A German research team using a specialized imaging technique called diffusion tensor imaging (DTI) to look at the differences between back pain sufferers’ and healthy volunteers’ brains found that individuals suffering from chronic low back pain also had micro-structural changes in their brains. The findings were presented at the annual meeting of the Radiological Society of North America in Chicago by the lead researcher Dr Jurgen Lutz, a radiologist at Ludwig-Maximilians University in Munich, Germany.

DTI tracks the movement of water molecules in the brain’s gray and white matter. Individual water molecules are constantly in motion, colliding with each other and other nearby molecules, causing them to spread out, or diffuse. DTI allows us to analyze water diffusion in the tissues of the brain. In normal white matter, water diffuses in only one direction. So if they are moving in the “wrong” direction, we can use this as an indication that there are changes in the fiber pathways.

The investigators studied 20 patients who were experiencing chronic back pain with no precisely identifiable cause and 20 age- and gender-matched healthy volunteers. DTI was performed to measure the diffusion in several areas of each patient’s brain.

They discovered the brains of patients with chronic back pain had a more complex and active microstructure compared with the healthy volunteers’ brains.

The changes were found in regions of the brain associated with pain-processing, emotion and stress response, including the cingulate gyrus, postcentral gyrus and superior frontal gyrus.

Although it is possible that theses structural disturbances are a cause of chronic pain, it is more likely to be the other way round.

This leads us to a very important concept that is not talked about as much as it should be: it is the idea of pain cycles. Pain cycles can have a physical or psychological origin and are thought to be maintained by some of the centers in the brain that process pain and emotional distress. The two are often mixed together: pain is extremely common in both depression and in bipolar disorder, and pain can, of course, make you feel depressed.

Theses pain cycles will often persist for long periods after the original cause of the pain has gone. So we may continue to feel pain long after a broken bone has healed, or we may continue to suffer emotionally long after a bad relationship should have been dead and buried. Many interventions like acupuncture or injecting steroids or anesthetics into trigger points can interfere with the pain cycle. Similarly there are many therapies, including some of the tapping therapies, that seem to “re-set” some of the systems in the nervous and subtle systems of the body.

In my forthcoming book Sacred Cycles, I talk a lo about these vicious pain cycles and how to interrupt them.

“Pain is part of being alive and we need to learn that. Pain does not last forever, nor is it necessarily unbeatable, and we need to be taught that.”
–Rabbi Harold S. Kushner (American Rabbi Aligned with the Progressive Wing of Conservative Judaism and Writer, 1935-)

“Softness is a dream in every ache to become a better soul.”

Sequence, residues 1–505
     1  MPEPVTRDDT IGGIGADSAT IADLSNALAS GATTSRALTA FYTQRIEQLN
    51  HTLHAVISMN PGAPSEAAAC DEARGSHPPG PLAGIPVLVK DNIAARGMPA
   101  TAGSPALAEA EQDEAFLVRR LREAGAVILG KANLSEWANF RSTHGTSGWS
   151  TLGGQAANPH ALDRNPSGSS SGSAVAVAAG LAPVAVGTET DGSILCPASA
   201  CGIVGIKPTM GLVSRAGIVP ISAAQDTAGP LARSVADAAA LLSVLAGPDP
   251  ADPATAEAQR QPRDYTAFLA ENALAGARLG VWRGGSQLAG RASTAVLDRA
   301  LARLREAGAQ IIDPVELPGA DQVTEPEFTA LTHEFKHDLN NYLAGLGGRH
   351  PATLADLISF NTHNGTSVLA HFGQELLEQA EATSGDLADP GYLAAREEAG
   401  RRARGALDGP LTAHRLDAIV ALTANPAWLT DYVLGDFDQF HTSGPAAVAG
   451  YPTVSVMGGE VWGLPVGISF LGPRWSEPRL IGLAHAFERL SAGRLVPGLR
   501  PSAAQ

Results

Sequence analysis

–John Kells (Irish-born British Grand Master of T’ai Chi Ch’uan, 1940-)

Arthritis and Sex

Today being Valentine’s Day (you did remember didn’t you?), Arthritis Care in the United Kingdom has taken the opportunity  to publicize its free booklet on sex, relationships, intimacy and arthritis, downloadable from its website (pdf).

Integrated Medicine is all about empowering and caring for the whole person, so I was very pleased to see this document. I spent some very happy times helping people with various types of arthritis, and I was astonished how infrequently anyone had ever asked them about the ways in which the illness impacted normal daily activities and had ever given them any advice on ways to work around problems.

Let me quote form the Arthritis Care news release:

"One of the reasons we produced the guide is to address issues people felt awkward discussing. It may be embarrassing to talk to your consultant rheumatologist, nurse or GP about emotional and sexual things, or matters of self-image and self-esteem – and they may be embarrassed to be asked. So where do you turn?’ said Kate Llewelyn head of publications at Arthritis Care, who was diagnosed with rheumatoid arthritis at the age of thirteen.

The booklet provides a valuable insight for healthcare professionals and for the partners and families of people with arthritis, highlighting issues of concern to them, and suggesting practical and achievable solutions.

For people with arthritis, or other disabilities, difficulty can start before any relationship, pre-dating any date.

‘Managing pain and other symptoms is exhausting, and it stops many people getting out and socializing. As a result, arthritis can be isolating, keeping you from making friends or seeing family, let alone dating and finding a partner. And maybe you are not very mobile, so can’t dance, or play sport, or can’t drink because of your medications. What’s more, although anti-discrimination law means venues must now offer better access for disabled people, you still may find it harder to do things people without arthritis take for granted’, said Kate Llewelyn.

Once a relationship has been formed, the challenges continue; the couple must work out ways of ensuring their personal and sexual relationship is sustained and developed, overcoming and working round the incurable and debilitating condition.

The report discusses a number of very practical matters: how pain and also medication can interfere with sex drive and some can cause weight gain. Many forms of arthritis are also associated with anemia and/or chronic fatigue.